As IT departments increasingly align themselves with business and its objectives, IT and academia grow farther apart, only worsening the skills gap in the IT profession. To avoid a devastating talent shortage, the IT profession needs to bridge the gap between academia and the real-world skills needed in industry. As technical jobs are sent overseas, most employers are no longer looking for pure technologists, and universities have not changed their programs fast enough. Universities and employers need to work together to develop curricula that will train workers with a variety of technical and business skills. The British Council for Industry and Higher Education reported that applications for computer science degrees fell 29 percent from 2003 to 2006, and A-level candidates fell by almost half. One successful effort to develop business-savvy technology employees is the new IT management for business degree pioneered by sector skills body e-Skills U.K., which will graduate its first students next year. A number of universities offer the course, but it is not yet available at major research-led institutions such as Southampton University and Imperial College. If the course does not gain widespread acceptance, students may believe that incorporating business skills is not worthwhile. Top-tier universities need to include business skills in their curricula and realize that because business skills are now a vital part of the IT professions, their students will not succeed without them.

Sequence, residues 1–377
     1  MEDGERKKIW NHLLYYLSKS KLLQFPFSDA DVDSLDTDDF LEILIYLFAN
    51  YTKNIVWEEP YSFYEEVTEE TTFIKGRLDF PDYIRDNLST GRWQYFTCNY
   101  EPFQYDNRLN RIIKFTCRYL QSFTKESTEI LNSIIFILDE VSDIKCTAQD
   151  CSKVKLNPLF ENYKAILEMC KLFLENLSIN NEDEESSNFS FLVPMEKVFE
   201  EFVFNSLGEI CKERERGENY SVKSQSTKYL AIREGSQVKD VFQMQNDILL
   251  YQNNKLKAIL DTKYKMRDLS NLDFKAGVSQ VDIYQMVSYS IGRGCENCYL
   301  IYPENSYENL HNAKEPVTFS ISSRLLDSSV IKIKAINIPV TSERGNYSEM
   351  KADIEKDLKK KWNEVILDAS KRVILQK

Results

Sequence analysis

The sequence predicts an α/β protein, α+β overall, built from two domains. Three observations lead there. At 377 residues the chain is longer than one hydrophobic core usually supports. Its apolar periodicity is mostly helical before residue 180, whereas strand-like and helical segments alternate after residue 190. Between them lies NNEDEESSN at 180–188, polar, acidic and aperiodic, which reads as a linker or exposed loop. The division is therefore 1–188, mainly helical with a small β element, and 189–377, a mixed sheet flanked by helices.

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Calit2 Looks Into the Games People Play
California Institute for Telecommunications and Information Technology (07/09/07)

Research into computer gaming conducted by the California Institute of Technology (Calit2) and UC Irvine indicates that games offer far more than mere entertainment value to children and adults; they are being used as tools for learning, socialization, business, and even improvement of the world. Certain researchers believe computer games help nurture socialization skills by rewarding collaboration and linking people of diverse cultural backgrounds, and UCI professor Bonnie Nardi says the World of Warcraft massively multiplayer online game prepares participants for the cultivation of relationships and collaboration with strangers through the mastery of various tasks or quests. She notes that the game's community-based operating principles are "actually the opposite of what traditional culture does, which is cut us off from people who are different from us." Calit2 researchers Bill Tomlinson and Lynn Carpenter have designed a computer game that educates children about restoration ecology by enabling them to virtually eradicate species to determine extinction's ecological impact. "One wonderful possibility for games is the ways in which they can be used to change the world," notes Tomlinson. "They can help bring communities together, and help people learn about new concepts and engage with new topics in new fields." Virtual-world games such as Second Life enable real-world business applications, with some players earning a livelihood by designing, purchasing, and selling actual products in the simulated environment. UCI professor Patricia Seed teaches a course in which students research and design games around specific historical periods.
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Three Hamilton Students Examining Computer Security for Summer Research Project
Hamilton College (07/12/07)